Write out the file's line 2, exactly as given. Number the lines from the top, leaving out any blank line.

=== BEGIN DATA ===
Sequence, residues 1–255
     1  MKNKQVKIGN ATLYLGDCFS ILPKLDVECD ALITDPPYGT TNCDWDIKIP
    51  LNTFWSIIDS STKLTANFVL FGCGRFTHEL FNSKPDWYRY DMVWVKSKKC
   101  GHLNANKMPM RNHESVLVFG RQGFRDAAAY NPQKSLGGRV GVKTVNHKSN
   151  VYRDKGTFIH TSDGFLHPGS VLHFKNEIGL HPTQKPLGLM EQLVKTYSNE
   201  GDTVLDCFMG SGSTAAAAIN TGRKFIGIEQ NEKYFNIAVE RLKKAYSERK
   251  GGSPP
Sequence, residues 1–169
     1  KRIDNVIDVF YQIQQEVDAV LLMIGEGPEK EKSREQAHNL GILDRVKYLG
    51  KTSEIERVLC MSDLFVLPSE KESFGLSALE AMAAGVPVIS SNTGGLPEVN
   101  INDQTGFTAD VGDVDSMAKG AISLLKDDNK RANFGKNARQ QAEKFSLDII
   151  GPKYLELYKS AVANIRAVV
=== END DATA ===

     1  MKNKQVKIGN ATLYLGDCFS ILPKLDVECD ALITDPPYGT TNCDWDIKIP